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How to bring financial education to life

Michael Mercieca shares some advice from Young Enterprise's Centre of Excellence schools

Posted by Stephanie Broad | February 16, 2016 | Law, finance, HR

Encouraging young people to get enthusiastic about taxes, budgets and costing structures is no easy feat and teachers can face a challenge in bringing these topics to life for young people. However, it’s essential that we upskill students in these areas in order to better prepare them for the working world. That’s why we believe it is important to explore, learn and share what works best in financial education with schools from all across the country at our annual Centres of Excellence conference. The event forms an integral part of Young Enterprise’s (incorporating pfeg) Centres of Excellence Programme. 

With good practice workshops, a resource share zone, networking lunch and Centres of Excellence Awards Ceremony, the event provides an opportunity for schools and sixth form colleges to showcase their work, share ideas, meet the funders and celebrate success. We also recognise schools for their achievements in financial education; schools are awarded ‘Centre of Excellence’ status if they meet Young Enterprise’s criteria by displaying leadership and management, teaching and learning, pupil involvement and assessment, staff development, sharing of financial education, as well as showcasing sustainability. 

To find out how the best schools are bringing financial education to life, we caught up with some of our Centre of Excellence schools at this year’s event. Here are their top tips for success…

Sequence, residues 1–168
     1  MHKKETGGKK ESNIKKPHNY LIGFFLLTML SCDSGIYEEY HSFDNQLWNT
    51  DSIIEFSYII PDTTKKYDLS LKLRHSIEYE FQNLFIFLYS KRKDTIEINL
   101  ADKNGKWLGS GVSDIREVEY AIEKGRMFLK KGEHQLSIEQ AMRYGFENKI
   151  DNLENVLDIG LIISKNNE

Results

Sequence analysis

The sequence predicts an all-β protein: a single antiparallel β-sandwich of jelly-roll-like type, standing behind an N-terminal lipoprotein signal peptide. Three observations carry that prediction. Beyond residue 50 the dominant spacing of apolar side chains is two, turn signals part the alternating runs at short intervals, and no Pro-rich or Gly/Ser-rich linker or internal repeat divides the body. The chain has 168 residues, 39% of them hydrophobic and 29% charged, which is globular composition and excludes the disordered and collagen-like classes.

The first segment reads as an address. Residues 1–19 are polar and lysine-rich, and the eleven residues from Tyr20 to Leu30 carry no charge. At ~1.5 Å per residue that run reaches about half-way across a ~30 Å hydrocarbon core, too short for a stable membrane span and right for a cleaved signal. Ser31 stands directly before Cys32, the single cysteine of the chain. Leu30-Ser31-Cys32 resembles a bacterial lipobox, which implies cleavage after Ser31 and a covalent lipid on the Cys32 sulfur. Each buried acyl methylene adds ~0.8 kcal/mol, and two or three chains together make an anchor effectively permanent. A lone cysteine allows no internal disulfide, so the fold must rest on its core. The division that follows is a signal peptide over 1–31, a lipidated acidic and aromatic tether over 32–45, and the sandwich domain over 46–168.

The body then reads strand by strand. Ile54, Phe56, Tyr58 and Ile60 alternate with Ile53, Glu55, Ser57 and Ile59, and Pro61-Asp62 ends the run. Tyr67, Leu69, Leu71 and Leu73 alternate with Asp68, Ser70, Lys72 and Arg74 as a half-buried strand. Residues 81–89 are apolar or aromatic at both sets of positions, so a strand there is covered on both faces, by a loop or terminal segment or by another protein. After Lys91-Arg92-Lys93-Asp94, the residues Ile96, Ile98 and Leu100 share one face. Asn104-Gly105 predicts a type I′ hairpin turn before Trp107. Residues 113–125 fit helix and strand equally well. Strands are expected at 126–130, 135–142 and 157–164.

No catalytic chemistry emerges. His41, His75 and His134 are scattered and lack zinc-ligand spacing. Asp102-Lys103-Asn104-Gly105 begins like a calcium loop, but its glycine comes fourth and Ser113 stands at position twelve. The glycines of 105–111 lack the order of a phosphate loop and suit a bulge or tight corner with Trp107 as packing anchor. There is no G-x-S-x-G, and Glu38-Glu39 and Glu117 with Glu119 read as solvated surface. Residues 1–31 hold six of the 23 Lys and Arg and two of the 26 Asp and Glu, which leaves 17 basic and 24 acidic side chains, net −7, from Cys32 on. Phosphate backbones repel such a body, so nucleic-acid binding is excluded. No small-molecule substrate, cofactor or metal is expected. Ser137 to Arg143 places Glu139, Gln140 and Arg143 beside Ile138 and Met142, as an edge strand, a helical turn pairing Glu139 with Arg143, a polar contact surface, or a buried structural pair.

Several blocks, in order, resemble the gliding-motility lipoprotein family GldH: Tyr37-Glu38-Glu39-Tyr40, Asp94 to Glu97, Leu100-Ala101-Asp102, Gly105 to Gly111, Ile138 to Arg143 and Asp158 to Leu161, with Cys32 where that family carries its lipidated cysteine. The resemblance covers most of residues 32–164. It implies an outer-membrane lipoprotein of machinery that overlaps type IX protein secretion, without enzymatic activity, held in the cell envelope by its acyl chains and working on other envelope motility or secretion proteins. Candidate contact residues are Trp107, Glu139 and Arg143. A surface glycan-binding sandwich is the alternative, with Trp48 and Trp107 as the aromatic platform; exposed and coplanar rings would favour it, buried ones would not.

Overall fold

Tom Casson, Lead on Lifelong Learning at Swiss Cottage Special Needs School in Camden

“At special needs school settings, students can be very naive and we need to be able to maximise their potential, so that when they leave educational settings and go into the real world, they’ll be as independent as possible.  It’s important to teach them about the future and their rights so that they access and feel part of their communities. My top tip for teaching financial education would be to start early!  I think there’s a culture within education of waiting until students are of a certain age to start, but I would say to start teaching financial capability as soon as possible.”  

Financial education is an important life skill

Amanda Szewczyk-Radley, Headteacher at Edith Neville Primary School

“Financial education is so important because children need to understand what value is. We’ve always had this principle that it’s not just about money, but the importance and value of how you use it, too. My one tip is to make it fun and real. Make it absolutely relevant. Keep it with real costs and make it apply to their actual lives, so if you’re going to talk about the cost of something, make sure it’s the real cost of something. If you’re going to talk about how much someone might earn in an hour, make sure they understand that.” 

John Peet, Cheadle Hulme High School

“Financial education is important to give students the context. They do lots of practical examples in subjects like maths about numbers and real life situations, but it’s not always linked to finance. Financial education allows you to tie that in and deal with issues as well that might be local to your particular area as well. My tip is to use the experience pfeg brings through its consultants. They’ve got loads of ideas, so there’s no need to reinvent the wheel. You can ask them what’s worked for them and they also bring resources so you can try methods out.”

Pete Bevington, year six teacher at Whitemoor Academy

“We value financial education because we see it as an important life skill which the children will use not only now but throughout their lives. My top tip is to make it as engaging as possible. Use drama and technology that gives the children the greatest chance of remembering that lesson and taking on board the important information that’s shared.”

Michael Mercieca is chief executive at Young Enterprise    

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